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Trainee keeper blog: Becoming an early bird

23/02/2016 in Highland Wildlife Park

Mornings… they are not necessarily everyone’s favourite time of day. However, I think most animal keepers would argue that they are the best, even if it does take a couple of coffees to get us there!

The first job on the agenda for any keeper is to check that all of their animals are healthy and accounted for. On my section, the hoofed stock, the challenge lies within the main reserve, which holds large herds of deer and bison that all need to counted. In the winter – during the dark mornings – this can be particularly difficult, not to mention the additional challenge of finding them all across a complex, 25 hectare area. To aid us in our endeavour, we take their feed with us. The animals are all very clued-in to their feeding regime and so the majority of the time they are already there waiting for us at the entrance to the reserve. This can make opening the gate particularly interesting if there’s an 800 kg bison bull stood in the way.

Then comes the next hurdle of ensuring the European bison, the red deer and the Przewalski’s horses are fed separately. This involves some sneaky behaviour on our part. The nine horses are greedy opportunists. Due to their already voluptuous appearance, we avoid feeding them as they get all they need from the reserve itself, as well as additional hay, straw and browse. So first of all, one of us will usually lead the horses into a separate paddock, bribing them with a little carrot or turnip, whilst checking them over. This distracts them for long enough to allow us to feed the others. Luckily, they don’t appear to have figured-out that carrot and turnip isn’t as filling as the pellet and are usually waiting in position every morning, making life a lot easier for us.

The bison are fairly straightforward as they rule the roost on the reserve, or at least the bull does. We pour their pellet out in a long line at the side of the road, so that all 21 of them can spread out comfortably. Usually the deer catch up with us much faster and will try to get a few hasty mouthfuls before they are chased off as the bison herd arrives. My favourite days are the ones where the bison are overly enthusiastic and they buck, skip and sprint across the reserve. It’s amazing to see. Their tails stick up in the air and they kick their legs out in all directions. It’s comparable to an extremely large dog having a mad half hour.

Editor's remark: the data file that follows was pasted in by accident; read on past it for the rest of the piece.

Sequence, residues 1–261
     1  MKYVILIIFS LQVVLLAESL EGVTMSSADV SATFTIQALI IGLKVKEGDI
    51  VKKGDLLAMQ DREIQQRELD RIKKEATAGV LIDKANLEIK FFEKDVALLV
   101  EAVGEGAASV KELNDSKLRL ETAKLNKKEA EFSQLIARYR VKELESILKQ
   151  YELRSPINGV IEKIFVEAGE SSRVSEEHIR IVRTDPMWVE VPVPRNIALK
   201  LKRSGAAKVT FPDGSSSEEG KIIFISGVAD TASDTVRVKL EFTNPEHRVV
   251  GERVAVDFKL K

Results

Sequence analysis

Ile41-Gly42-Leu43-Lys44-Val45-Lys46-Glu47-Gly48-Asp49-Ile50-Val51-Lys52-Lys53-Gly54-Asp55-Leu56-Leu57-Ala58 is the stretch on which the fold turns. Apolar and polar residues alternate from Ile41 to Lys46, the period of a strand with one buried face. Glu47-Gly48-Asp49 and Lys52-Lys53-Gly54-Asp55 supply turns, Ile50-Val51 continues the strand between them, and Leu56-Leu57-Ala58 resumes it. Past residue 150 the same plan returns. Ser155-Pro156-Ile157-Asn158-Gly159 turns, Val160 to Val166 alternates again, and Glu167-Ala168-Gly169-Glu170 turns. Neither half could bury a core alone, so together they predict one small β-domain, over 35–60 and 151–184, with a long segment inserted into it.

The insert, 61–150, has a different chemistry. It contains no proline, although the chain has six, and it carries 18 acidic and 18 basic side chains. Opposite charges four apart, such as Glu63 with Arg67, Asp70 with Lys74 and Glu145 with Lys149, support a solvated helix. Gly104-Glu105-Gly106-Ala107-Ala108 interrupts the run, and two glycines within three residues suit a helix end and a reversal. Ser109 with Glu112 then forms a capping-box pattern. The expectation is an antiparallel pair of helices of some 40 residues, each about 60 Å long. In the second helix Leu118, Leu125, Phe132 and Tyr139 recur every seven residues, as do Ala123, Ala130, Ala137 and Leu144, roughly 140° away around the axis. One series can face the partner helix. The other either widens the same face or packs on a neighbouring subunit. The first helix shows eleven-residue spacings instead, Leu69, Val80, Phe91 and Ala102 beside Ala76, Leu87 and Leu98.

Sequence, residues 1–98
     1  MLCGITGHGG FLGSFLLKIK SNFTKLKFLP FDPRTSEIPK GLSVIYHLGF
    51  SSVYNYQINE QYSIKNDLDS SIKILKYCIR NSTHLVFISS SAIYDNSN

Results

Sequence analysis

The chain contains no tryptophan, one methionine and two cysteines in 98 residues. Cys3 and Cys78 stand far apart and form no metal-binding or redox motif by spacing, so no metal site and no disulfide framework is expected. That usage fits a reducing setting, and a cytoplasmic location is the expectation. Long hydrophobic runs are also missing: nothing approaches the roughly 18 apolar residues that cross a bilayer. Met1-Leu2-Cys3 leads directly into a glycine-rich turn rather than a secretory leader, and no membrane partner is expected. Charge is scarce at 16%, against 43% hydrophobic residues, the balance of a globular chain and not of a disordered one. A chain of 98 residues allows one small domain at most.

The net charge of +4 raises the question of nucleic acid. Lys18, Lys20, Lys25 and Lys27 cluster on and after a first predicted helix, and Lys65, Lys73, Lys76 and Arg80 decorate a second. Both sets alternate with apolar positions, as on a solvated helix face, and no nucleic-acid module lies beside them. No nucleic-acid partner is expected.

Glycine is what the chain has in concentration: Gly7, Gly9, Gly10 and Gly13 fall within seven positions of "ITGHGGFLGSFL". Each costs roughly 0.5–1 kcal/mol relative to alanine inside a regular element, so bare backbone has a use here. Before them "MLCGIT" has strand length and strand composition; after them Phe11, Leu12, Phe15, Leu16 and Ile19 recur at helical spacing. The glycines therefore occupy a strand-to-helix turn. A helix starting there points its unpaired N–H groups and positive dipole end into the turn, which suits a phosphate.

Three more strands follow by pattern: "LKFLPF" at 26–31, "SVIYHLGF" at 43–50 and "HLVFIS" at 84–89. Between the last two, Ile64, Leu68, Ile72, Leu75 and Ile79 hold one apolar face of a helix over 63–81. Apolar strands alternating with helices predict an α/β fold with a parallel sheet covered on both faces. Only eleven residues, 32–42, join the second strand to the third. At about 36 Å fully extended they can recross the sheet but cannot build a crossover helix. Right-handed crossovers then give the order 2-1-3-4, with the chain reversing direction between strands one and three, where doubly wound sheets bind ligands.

Once the bison are settled, counted and we can see they are in good condition, we rush off and try and feed the deer further around the reserve so that they are out of sight of the bison. The deer are wise to this and follow us willingly. Once their feed is spread out, the deer start rushing to take as much pellet as possible whilst we count them all.

Most days we will get it right and the deer will be able to consume all of their assigned pellet, but some days a naughty bison will watch where we scatter the deer food and abandon their post. They will charge down after us, knowing full well they can push the more delicate deer from the pellet, and claim the entire bag of feed for themselves, whilst the rest of their herd tussle over what remains of their allocation. More often than not, other bison will inevitably follow, until the deer simply abandon their feeding station and admit defeat.

I would like to point out that the pellet is a supplementary diet, particularly in the case of the deer. If an individual does not get any that day, they are still provided with plenty of hay, straw, browse and grazing throughout the reserve to sustain them. However, to put it into context, it’d be like someone bringing a tray of bacon butties into the office, even though you already had cereal for breakfast, and they all go before you get chance to grab one. Pretty heart-breaking!

Once everyone has been accounted for, which sometimes involves the binoculars when red deer calves are nestled down behind a rock somewhere, we still have to count and feed everybody else. This involves being chased by four elk through their enclosure, crowded by a confident Bukhara deer who likes to stick her head into the bucket, hand feeding some slobbery camels, being jumped on by excitable markhor and trying desperately to separate the bossy Mishmi takin from the subordinate ones, so that everybody gets something… to name but a few.

Mornings are definitely my favourite time of day, because it’s when our job is most interactive with the animals. There’s no better way to start the day than having reindeer running alongside you as you walk to their food trough, or watching the musk ox amble over to greet you when you arrive at their paddock (albeit in the male’s case a little angrily). They make you feel like the most important person in the world, which is how we all want to feel when we wake up in the morning. As keepers, we are all very aware it’s only cupboard love, but I conveniently choose to forget that part.

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